Moonfall ⭐️ Review by Andrea Carnevali
A mysterious force knocks the moon from its orbit around Earth and sends it hurtling on a collision course with life as we know it. Out in cinemas now.
My relationship with disaster films goes back a long time. I believe the ‘70s version of King Kong (if you can count that as a disaster film, after all Kong did destroy NY City) was actually my very first experience in a cinema.
I also remember being enthralled by Towering Inferno as a young child and I must have seen all those Poseidon and Earthquake surrogates countless times.
Then back in ‘90s when disaster movies seemed to dominate the box office, often with the same concepts only months apart (see Deep Impact vs Armageddon, or Volcano vs Dante’s Peak), I was there on opening week to cheer with the rest of the audience.
Even though I was always very aware of how dumb those films were, the spectacle of the visual effects of those entire cities being destroyed by aliens or whatever latest natural disaster was just about enough to for me to close an eye on all the other shortcomings. Yes, the scripts were always ludicrous, the characters laughable, but that almost never mattered and it was part of the fun.
Director Roland Emmerich is no stranger to big-budget silly disaster movies: his Independence Day, Godzilla (1998), The Day After Tomorrow and 2012 helped redefine the genre and while we certainly don’t walk into any of those films searching for deep stories or subtle characters, we also know that if we are able to turn our brains off we should be able to have a fun edge-of-seat ride.
Now, I don’t know whether it’s because I’m 50 years old and lost some of the young innocence that helped me through many of its predecessors or whether my acceptance level for this type of crap has shrunk following the pandemic, but I found Moonfall insufferable.
For a start I couldn’t quite buy into stupid premise: the moon has fallen off its orbit and it’s getting closer and closer to earth, causing massive tides, shifts in gravity and so on. Even though the film-makers promise us it’s purely based on science, the way it’s presented looks just as silly as the premise that drillers should be trained to be astronauts within a week, as opposed to the other way round, in the abysmal Armageddon.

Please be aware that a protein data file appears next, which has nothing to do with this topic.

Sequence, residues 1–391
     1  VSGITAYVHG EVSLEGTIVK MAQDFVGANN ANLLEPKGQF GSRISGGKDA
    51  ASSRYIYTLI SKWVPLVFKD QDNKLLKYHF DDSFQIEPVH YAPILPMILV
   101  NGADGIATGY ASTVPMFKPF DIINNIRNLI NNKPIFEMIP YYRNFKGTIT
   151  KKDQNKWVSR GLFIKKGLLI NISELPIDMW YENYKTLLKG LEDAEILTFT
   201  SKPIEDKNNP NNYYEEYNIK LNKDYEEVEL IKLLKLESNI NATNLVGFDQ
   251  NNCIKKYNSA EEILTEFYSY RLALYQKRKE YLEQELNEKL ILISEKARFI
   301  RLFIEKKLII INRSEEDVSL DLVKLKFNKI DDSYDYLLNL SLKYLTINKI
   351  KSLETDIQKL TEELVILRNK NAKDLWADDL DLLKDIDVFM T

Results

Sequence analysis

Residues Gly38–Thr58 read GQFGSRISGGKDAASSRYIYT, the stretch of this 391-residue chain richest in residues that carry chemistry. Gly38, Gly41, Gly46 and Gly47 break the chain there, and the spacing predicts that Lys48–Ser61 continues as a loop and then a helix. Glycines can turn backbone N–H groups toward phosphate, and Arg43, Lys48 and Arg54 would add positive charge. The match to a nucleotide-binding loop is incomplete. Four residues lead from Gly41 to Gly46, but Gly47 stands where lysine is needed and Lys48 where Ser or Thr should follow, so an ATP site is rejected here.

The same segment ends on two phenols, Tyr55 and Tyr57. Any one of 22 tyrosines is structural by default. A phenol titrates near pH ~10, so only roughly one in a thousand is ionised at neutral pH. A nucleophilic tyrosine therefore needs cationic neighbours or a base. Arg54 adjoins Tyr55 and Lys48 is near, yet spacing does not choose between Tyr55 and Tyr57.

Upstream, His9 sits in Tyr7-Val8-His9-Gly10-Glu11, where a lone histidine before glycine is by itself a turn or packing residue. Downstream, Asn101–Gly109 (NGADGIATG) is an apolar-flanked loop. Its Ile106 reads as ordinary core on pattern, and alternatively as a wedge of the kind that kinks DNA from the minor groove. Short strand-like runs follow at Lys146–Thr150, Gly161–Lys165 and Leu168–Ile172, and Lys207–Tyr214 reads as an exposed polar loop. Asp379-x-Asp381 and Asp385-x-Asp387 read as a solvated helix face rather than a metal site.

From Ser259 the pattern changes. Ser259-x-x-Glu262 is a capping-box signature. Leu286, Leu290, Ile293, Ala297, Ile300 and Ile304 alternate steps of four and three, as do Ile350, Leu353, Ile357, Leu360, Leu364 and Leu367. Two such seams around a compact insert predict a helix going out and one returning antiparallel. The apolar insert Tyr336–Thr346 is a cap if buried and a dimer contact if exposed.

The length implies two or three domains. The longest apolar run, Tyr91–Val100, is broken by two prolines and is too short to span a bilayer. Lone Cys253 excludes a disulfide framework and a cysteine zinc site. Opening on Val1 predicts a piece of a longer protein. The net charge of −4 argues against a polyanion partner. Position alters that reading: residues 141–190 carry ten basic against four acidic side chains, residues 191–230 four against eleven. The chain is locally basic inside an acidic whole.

On top of that, the mix natural disaster and alien invasion (no spoiler here: it’s all in the trailers) was just a step too far.
It reminded me of James Cameron’s The Abyss from the late ‘80s, a great suspense movie, full of great characters and set-pieces which all fell apart once the aliens came into it right at the very end. Something very similar happens here, except that this is no Cameron and the movie is actually bad right from the start.
Not even the loud soundtrack crowded with a cacophony of explosions and screams and the extensive visual effects, most of which look like at least a decade old (even the publicity photo below looks bad!), but were also rather confusing, could distract me from just how stupid and how by-the-numbers it all is.
There is NOTHING here we haven’t seen before done a lot better.
Moonfall is badly paced, badly written, repetitive, and even boring, a real crime for all types of movie.
It all happens much too fast, without giving us time to get attached to any of the characters, most of whom seemed to have the same family dynamics anyway. Once I got to the end I realised I actually did not know a single name.
As for the stakes and the impending disaster itself, there’s no real sense of building up to any crescendo, nor any sense of this being a worldwide problem, or even a problem beyond the few people involved. Where are the usual shots of crowds running in panic or those expendable foreign cities being wiped off? This film couldn’t even deliver on that.
In fact, does a world even exist beyond New York and the NASA station?
By the time the third act kicked in and the preposterousness and idiocy of it all surpassed even my worst fears; I had already tuned out and couldn’t wait for it to finish.
And when it finally did, with yet another insult to the audience (a spaceship crash landing on earth right next to where the astronaut’s family members were stranded!!!) I was sure I had witnessed the worst film of its kind.
More than a disaster movie, this one is a disaster of a movie and you shouldn’t spend your money on it. If you must, watch Greenland instead (on Amazon Prime) to see how these things should be done in the 21st century.
Andrea Carnevali is a Bafta winning film maker who lives in Chiswick.
Moonfall is on in cinemas now.
See all the latest stories: Chiswick Calendar News & Features
Support The Chiswick Calendar
The Chiswick Calendar CIC is a community resource. Please support us by buying us the equivalent of a monthly cup of coffee (or more, if you insist). Click here to support us.
We publish a weekly newsletter and update the website with local news and information daily. We are editorially independent.
To subscribe to the weekly newsletter, go here.